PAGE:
I've no idea if Ortofon was right, if 3 contact points sound "better" or "worse" than 2 or 4 or a flat surface - but I guarantee they'd all sound different.
Doug, you may be right but its not something I ever lost sleep over when I used the A90 with the Phantom.

The A90, and other similarly designed Ortofon cartridges, actually have 5 contact points when you think about it - the 3 raised ridges + the 2 fixing bolts.

I agree that every small change makes a difference with analog. Some are for better or worse. Some are just different and it could be argued either way depending on the ear of the beholder.

I suspect the OP's suggestion of a mounting plate would sound more 'different' than omitting the 3rd ridge (since it introduces another material/interface) - but only the ear could decide which is preferable.
I've just finished a nightshift and my thinking may be faulty but....

I seem to recall that the idea behind the ridges on the Ortofon MC's was to allow for azimuth adjustment on arms that didn't provide that adjustment - ie tightening bolts such that the cartridge canted either side of the central ridge.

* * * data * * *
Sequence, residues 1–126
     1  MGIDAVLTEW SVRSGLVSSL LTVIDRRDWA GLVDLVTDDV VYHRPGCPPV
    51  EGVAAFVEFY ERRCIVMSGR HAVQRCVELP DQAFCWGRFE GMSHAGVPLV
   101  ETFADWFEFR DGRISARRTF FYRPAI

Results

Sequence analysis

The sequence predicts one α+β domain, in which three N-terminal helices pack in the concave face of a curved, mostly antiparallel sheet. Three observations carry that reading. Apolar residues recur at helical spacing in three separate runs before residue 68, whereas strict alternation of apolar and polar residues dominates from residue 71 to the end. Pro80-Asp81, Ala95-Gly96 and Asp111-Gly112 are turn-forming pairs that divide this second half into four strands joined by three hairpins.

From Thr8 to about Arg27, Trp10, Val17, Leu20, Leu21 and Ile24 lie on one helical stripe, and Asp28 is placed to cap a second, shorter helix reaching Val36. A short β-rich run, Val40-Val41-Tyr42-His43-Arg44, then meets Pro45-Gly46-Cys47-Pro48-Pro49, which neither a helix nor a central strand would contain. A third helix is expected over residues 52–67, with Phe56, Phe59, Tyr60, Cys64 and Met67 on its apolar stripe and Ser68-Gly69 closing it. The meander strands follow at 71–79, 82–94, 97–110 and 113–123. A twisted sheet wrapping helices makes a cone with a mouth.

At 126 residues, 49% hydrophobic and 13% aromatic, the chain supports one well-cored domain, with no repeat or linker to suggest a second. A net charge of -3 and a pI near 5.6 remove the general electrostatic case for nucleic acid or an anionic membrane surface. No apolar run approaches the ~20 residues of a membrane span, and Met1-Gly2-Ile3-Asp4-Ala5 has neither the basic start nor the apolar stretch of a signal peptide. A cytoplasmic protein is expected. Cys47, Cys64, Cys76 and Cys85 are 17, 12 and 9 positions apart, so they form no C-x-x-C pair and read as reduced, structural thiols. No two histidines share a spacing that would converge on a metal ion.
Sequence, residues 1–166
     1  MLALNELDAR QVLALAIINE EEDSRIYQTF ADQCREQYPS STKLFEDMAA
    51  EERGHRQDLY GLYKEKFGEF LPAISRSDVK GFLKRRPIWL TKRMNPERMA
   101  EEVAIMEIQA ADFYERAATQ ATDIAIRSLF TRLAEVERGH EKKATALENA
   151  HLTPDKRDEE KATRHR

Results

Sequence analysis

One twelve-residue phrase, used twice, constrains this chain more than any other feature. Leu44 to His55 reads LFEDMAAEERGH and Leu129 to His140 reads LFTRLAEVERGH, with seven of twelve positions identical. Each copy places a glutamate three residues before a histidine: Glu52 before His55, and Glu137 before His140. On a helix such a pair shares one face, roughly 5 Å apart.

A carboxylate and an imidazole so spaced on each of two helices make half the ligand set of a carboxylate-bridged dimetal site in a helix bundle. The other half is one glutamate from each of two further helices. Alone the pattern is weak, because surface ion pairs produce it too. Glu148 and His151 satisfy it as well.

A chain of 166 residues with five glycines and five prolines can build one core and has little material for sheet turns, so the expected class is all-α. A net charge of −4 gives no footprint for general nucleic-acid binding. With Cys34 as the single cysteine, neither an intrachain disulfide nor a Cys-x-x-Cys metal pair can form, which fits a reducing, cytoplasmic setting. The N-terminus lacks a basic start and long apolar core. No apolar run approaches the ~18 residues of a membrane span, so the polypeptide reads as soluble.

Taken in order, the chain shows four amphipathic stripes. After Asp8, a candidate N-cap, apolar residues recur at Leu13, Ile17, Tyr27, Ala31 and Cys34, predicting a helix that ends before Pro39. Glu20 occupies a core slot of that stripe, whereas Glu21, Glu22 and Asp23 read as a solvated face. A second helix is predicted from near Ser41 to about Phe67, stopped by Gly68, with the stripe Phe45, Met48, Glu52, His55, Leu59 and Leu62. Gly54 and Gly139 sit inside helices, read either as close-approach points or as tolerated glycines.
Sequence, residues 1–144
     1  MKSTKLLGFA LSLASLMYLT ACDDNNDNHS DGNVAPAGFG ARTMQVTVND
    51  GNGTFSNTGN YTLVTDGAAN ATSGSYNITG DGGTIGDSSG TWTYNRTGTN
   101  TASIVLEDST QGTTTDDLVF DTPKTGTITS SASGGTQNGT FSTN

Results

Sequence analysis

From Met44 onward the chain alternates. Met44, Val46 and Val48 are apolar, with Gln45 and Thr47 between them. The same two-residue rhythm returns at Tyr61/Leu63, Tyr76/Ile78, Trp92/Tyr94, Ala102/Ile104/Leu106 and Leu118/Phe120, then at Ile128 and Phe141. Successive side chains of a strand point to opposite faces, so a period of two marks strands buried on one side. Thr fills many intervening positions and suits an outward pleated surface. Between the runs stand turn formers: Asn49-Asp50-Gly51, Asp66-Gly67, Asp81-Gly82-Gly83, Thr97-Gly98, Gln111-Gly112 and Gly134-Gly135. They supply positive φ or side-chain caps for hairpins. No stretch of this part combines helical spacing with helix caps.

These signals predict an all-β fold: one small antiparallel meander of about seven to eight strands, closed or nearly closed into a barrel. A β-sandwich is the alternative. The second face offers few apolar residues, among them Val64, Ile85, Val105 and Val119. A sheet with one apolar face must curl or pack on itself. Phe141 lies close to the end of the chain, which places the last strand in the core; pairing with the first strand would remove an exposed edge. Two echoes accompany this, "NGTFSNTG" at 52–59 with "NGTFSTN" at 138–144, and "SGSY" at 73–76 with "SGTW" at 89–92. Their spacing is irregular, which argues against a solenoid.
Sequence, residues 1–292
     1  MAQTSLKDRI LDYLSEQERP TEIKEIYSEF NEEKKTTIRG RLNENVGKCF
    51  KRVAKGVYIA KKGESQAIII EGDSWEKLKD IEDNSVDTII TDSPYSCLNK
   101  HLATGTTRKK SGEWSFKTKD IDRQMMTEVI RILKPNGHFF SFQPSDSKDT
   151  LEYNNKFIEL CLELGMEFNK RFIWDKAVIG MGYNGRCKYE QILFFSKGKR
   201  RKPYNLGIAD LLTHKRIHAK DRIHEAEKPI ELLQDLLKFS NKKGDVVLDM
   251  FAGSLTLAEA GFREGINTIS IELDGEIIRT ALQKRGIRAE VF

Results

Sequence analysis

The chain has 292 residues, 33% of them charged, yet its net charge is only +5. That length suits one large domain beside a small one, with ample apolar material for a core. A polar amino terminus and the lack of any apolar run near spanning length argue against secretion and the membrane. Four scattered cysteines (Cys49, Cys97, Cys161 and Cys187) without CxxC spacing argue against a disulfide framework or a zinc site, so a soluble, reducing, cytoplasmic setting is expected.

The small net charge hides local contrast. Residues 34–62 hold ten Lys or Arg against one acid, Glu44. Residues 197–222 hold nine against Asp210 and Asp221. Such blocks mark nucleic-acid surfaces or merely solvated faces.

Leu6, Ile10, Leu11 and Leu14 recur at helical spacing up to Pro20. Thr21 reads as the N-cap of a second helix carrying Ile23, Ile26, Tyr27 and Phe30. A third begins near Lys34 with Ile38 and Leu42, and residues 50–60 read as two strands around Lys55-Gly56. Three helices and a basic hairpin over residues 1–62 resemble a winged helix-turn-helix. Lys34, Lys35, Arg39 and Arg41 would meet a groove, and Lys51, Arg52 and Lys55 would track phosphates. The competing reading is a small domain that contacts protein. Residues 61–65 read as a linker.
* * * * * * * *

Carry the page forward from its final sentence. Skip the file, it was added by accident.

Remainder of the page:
This would be tedious in the extreme to actually achieve proper azimuth, but in any case, wouldn't tightening towards one side inevitably lift one of the rear ridges away from the headshell?
Interesting idea, although a single ridge on the centerline of a cartridge is superior for azimuth adjustment, as it only allows the the cartidge to rotate about one axis. I've used that method on tonearms which lacked azimuth adjustment. It wasn't any more tedious than using the adjustments on some tonearms, though other arms make it easy of course.

My guess (only) is that Ortofon wished to minimize contact between cartridge and headshell for resonance control reasons, rather like the 3-point Mapleshade isolator, and didn't consider the quirks this might present for small headshells like the Phantom's.